SCOTUS Denies Cert on Seventh Circuit Refusal to Apply Bristol-Myers Personal Jurisdictional Ruling to Class Actions
Takeaway: We previously wrote that a number of district courts had split on whether to apply the Supreme Court’s personal jurisdictional ruling in Bristol-Myers to class actions. We then wrote an update that the Seventh Circuit had addressed this issue in Mussat v. IQVIA, 953 F.3d 441 (7th Cir. 2020), holding that Bristol-Myers does not apply to a nationwide class action filed in federal court under a federal statute. The U.S. Supreme Court has now declined to review the Seventh Circuit’s ruling in Mussat, keeping that decision in place for the time being.
By way of background, in Bristol-Myers Squibb Co. v. Superior Court of California, 137 S. Ct. 1773 (2017), both resident and non-resident plaintiffs filed suit in California state court against Bristol-Myers, a company incorporated in Delaware and headquartered in New York. As Bristol-Myers was not subject to general personal jurisdiction in California, the U.S. Supreme Court concluded that the California court lacked specific personal jurisdiction over Bristol-Myers with respect to the claims asserted by the non-resident plaintiffs. Justice Sotomayor’s dissent noted that the majority’s holding left open the question of whether it applied to nationwide class actions, an issue that has been hotly litigated ever since.
As detailed in our first post, district courts have taken two divergent paths since Bristol-Myers. Some courts have applied Bristol-Myers to class actions and have required that personal jurisdiction exist over the defendant with respect to the claim of each putative class member. Other district courts have distinguished class actions from mass tort litigation, where each plaintiff is named and is a real party in interest, and have declined to extend Bristol-Myers to class actions.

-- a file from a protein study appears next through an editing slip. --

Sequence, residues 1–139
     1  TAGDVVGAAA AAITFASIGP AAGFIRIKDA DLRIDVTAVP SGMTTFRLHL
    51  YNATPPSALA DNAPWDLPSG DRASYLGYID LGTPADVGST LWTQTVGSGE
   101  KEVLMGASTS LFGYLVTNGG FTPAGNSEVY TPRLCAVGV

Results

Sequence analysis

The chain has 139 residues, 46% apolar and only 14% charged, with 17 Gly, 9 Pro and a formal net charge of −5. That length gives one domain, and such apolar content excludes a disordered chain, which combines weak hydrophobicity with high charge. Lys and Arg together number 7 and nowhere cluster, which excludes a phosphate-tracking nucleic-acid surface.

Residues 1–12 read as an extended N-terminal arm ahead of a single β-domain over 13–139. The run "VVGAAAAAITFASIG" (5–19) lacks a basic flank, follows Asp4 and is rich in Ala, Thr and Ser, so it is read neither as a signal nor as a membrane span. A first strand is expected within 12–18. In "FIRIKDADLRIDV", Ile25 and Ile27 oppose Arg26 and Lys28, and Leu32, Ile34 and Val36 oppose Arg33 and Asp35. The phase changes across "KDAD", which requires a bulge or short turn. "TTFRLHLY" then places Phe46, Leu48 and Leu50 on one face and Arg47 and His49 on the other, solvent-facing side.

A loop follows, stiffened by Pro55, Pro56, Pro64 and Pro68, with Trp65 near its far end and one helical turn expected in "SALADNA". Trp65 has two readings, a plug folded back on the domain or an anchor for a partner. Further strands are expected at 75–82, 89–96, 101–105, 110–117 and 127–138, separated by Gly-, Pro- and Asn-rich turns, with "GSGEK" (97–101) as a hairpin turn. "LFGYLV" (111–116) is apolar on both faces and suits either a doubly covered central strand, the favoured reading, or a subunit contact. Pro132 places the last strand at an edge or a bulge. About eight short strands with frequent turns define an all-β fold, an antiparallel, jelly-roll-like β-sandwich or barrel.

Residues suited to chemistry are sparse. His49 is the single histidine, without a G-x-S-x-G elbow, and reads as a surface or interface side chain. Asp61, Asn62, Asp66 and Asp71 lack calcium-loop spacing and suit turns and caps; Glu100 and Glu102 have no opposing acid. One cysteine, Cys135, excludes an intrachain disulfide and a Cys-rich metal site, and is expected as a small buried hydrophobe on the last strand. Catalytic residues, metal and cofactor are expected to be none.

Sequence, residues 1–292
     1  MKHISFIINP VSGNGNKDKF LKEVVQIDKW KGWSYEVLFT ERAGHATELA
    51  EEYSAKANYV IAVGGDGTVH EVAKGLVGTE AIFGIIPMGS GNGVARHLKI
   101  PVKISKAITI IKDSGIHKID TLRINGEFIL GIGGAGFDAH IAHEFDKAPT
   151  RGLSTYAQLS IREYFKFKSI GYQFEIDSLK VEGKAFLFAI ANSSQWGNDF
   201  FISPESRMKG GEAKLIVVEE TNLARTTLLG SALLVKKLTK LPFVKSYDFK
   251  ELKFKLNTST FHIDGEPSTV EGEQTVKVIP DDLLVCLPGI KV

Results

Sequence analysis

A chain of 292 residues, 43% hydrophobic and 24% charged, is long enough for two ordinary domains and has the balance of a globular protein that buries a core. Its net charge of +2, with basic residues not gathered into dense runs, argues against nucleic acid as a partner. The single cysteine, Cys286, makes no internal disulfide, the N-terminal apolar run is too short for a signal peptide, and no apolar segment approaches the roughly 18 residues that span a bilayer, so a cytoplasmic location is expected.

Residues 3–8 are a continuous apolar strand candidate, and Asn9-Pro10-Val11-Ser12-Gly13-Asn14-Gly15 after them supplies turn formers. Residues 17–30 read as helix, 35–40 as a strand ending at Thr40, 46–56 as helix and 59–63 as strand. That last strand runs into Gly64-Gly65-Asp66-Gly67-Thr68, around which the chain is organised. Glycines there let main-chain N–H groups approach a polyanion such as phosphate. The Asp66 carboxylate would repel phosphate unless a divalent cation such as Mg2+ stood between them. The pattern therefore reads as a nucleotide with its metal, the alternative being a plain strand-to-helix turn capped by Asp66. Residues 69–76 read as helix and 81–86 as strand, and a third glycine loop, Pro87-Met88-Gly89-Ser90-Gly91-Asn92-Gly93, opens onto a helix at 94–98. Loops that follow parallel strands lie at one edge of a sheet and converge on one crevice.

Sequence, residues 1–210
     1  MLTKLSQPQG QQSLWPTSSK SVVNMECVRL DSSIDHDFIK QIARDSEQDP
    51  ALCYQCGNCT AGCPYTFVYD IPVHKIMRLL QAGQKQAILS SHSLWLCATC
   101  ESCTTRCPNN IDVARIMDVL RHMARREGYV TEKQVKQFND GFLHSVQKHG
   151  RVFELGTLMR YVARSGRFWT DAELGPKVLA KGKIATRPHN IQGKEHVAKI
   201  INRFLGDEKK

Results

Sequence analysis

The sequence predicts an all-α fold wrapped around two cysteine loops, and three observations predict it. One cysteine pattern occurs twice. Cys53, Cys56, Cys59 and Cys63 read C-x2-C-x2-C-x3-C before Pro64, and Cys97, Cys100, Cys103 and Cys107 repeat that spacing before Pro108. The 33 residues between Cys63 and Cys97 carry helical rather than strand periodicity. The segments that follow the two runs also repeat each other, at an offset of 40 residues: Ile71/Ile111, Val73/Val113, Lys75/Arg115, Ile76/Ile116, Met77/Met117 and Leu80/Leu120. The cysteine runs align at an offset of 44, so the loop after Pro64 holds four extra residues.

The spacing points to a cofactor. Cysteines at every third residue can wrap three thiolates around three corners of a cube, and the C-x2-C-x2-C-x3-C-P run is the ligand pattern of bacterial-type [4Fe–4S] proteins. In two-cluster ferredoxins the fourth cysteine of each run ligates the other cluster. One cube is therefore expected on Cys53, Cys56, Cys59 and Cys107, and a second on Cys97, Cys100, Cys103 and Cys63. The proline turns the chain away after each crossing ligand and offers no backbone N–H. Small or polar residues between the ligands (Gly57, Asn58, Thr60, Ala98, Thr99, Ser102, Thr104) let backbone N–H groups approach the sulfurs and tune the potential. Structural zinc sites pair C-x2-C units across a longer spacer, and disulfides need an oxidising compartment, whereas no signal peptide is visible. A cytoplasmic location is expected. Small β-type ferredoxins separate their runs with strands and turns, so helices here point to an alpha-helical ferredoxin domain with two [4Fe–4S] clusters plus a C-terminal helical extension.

The Seventh Circuit then squarely addressed this issue in Mussat v. IQVIA, where the plaintiff received unsolicited faxes that allegedly failed to include the opt-out notice required by the Telephone Consumer Protection Act (“TCPA”). Mussat brought a putative nationwide TCPA class action against IQVIA in Illinois district court.
The district court granted IQVIA’s motion to strike the class definition, reasoning that under Bristol-Myers, both the named plaintiff and the unnamed class members had to show minimum contacts between the defendant and the forum state. IQVIA was not subject to general personal jurisdiction in Illinois, and the lower court found no specific personal jurisdiction over IQVIA relative to the claims of out-of-state putative class members.
On appeal, the Seventh Circuit reversed, holding that Bristol-Myers does not preclude filing a nationwide class action asserting federal statutory claims in federal court. Its decision turned on the “critical distinction” between class actions – with unnamed class members who are not “full parties” – and other types of aggregate litigation such as mass torts, where “all of the plaintiffs are named parties to the case.” 953 F.3d at 447. Reasoning that nothing in the Federal Rules “frowns on nationwide class actions, even in a forum where the defendant is not subject to general jurisdiction,” the appellate court noted that the U.S. Supreme Court had previously decided a number of nationwide class actions without flagging any personal jurisdictional issues. Id. at 448. The Seventh Circuit panel concluded that unnamed class members do not each have to show minimum contacts with the forum state in order to establish personal jurisdiction over a class defendant. In May 2020, the Seventh Circuit turned town en banc review of the panel’s decision.
In January 2021, the U.S. Supreme Court denied IQVIA’s petition for certiorari to overturn the Seventh Circuit’s decision. IQVIA Inc. v. Mussat, No. 20-510, --- S.Ct. ---, 2021 WL 78484, at *1 (U.S. Jan. 11, 2021). Justice Amy Comey Barrett, who was on the Seventh Circuit during the earlier appeal, declined to take part in the decision denying review.
The U.S. Supreme Court’s denial of certiorari means that personal jurisdiction will remain a hotly-litigated issue in class actions after Bristol Myers and Mussat. It may be the case that the high court will weigh in after more appellate courts have addressed the issue. Until then, class plaintiffs can always avoid personal jurisdiction disputes by filing suit in a defendant’s home forum (where the defendant is headquartered or incorporated). The challenge for plaintiffs’ attorneys will be whether that home forum is otherwise a “friendly” forum.
Bottom line: At least for now, class plaintiffs in the Seventh Circuit can continue to bring nationwide class actions under federal statutes without having to satisfy the specific jurisdiction requirements of Bristol-Myers. The U.S. Supreme Court’s decision not to weigh in on this issue means that the Mussat decision will likely be persuasive in other jurisdictions as well.
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